Here are some animation essentials Glen Keane taught:

  • Animate from the heart - We should feel our drawings and put ourselves in the place of our characters.
  • Make expression and attitudes real and living - Focus on eyes, eyebrows, mouth, and cheeks when animating.
  • Simplicity - Animation artists need to make sure the essence of their scenes, action, and expressions are clear to the audience.

Brad Bird

Among early 3D animated feature films was the incredible The Incredibles created by Brad Bird. Brad Bird was dedicated to his craft and kept adding to the fame of Pixar Studio. In one of his interviews, he encouraged animation artists to persevere in fixing problems they encounter when creating films. He said, "If something sucks, you don't just stop there, you need to know why it sucks and importantly how you will solve it."

Jennifer Yuh Nelson

Jennifer Yuh Nelson is best known as the first female solo director of a Hollywood animated films Kung Fu Panda 2 and 3*.* Jennifer Yuh Nelson knew she wanted to be an animator at an early age. She drew live-action storyboards. This can inspire young animators to avoid the trap of feeling too young to express themselves creatively.

Jennifer has a good approach to filmmaking. This is what she says, "I have to see an image completely done in my head before I know what to draw. Before I put pen to paper, or stylus to screen, I always just walk around for a few hours or even a day to get it finished in my head, first. Then it's like projecting an image on the page or the screen. I trace what's already done."

She made a very important point here, which involves having a clear conviction of what you want to portray in your creative projects in animation and film.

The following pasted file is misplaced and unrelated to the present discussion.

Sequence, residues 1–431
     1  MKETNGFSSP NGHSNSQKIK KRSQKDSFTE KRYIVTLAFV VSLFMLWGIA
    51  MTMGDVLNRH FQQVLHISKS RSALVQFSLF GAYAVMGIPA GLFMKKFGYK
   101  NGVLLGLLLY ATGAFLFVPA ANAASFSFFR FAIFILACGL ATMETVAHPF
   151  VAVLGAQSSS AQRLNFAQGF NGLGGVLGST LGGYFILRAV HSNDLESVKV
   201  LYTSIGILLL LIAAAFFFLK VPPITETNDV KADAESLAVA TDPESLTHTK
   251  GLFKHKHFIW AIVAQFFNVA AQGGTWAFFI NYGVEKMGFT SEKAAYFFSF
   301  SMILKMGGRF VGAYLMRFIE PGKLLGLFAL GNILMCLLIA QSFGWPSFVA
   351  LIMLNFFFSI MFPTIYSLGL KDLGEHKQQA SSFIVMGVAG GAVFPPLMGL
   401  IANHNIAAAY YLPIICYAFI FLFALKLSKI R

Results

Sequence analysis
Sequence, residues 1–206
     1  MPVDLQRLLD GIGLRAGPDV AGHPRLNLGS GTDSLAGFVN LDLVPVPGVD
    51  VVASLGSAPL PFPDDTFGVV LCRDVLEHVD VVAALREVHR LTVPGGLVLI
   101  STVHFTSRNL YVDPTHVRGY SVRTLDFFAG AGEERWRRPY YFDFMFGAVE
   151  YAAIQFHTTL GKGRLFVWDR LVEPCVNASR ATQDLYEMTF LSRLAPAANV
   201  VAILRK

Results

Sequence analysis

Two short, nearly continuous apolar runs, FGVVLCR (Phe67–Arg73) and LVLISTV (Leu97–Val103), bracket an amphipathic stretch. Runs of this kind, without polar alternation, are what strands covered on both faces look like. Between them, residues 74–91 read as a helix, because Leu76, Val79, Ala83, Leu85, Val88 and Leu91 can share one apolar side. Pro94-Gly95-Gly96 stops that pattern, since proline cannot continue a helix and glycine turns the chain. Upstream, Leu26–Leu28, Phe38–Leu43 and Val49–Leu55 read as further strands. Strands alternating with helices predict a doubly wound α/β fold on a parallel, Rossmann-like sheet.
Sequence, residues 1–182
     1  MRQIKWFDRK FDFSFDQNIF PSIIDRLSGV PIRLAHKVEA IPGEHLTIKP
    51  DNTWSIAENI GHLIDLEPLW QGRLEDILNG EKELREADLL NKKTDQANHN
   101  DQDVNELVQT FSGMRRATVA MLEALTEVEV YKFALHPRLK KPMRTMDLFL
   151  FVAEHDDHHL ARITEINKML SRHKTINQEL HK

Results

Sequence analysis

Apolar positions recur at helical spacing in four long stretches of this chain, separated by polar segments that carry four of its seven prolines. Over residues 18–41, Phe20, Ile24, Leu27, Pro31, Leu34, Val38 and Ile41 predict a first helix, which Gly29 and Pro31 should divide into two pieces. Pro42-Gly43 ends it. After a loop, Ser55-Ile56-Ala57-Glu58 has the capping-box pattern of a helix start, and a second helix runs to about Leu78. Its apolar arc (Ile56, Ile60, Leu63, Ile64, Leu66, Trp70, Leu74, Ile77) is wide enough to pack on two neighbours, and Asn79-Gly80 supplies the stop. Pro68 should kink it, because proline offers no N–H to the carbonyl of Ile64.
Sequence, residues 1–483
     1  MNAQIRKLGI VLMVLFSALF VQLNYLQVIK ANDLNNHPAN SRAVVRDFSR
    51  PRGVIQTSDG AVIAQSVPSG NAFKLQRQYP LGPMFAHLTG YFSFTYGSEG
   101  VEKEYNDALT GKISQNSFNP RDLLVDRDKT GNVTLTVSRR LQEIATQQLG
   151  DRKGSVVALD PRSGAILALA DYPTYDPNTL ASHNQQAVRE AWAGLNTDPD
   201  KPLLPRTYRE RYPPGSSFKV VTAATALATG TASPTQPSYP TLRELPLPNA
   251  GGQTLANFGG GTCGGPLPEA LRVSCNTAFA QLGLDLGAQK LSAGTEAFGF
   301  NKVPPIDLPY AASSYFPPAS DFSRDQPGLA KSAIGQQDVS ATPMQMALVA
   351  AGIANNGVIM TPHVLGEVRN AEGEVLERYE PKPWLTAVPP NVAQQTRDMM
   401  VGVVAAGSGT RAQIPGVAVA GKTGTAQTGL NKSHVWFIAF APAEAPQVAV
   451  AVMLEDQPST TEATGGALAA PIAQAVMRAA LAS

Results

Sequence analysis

9 Animators Who Shaped The World Of Animation

Nick Park

There's no way I will be comfortable without mentioning one of the legends behind stop-motion animation, Nick Park. He is the creator of Wallace and Gromit*,* one of the most famous stop-motion animations, and helped bring the style to mainstream attention. He joined Aardman studios in 1985. He worked on Peter Gabriel's Sledgehammer music video. He was also the executive producer of Shaun the Sheep movie.

Walt Disney

No article about animation legends will be complete without mentioning Walt Disney. He is called the Father of 20th-century Animation.

His works and characters, both as an artist and producer, are still popular to this day. Timeless cartoon characters such as Mickey Mouse never aged and are still known by audiences worldwide.

Not to mention that the studio he built is still producing many successful box office blockbuster animated movies. Here's an encouraging quote from Walt Disney:

"If you can dream it, you can do it." - Walt Disney

There are many more incredible artists that did not make it to this list.

It is worthwhile to learn about people that shaped and impacted animation and film, not only in these areas but it applies in all fields.

When you read about people who shaped and changed the industry of film you can learn from their experiences and their confident approach to overcoming obstacles and challenges.

I love watching behind-the-scenes interviews of animators and film writers. You can gain a lot of knowledge from these interviews, mere seeing them working on their projects can give you the drive to do the same.

Let's hear your thoughts in the comments below!

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About the Author

Eyo Obot

Eyo Obot


I'm an individual with the burning desire to share and contribute his visions to the animation industry. I'm currently learning animation using online courses and YouTube videos.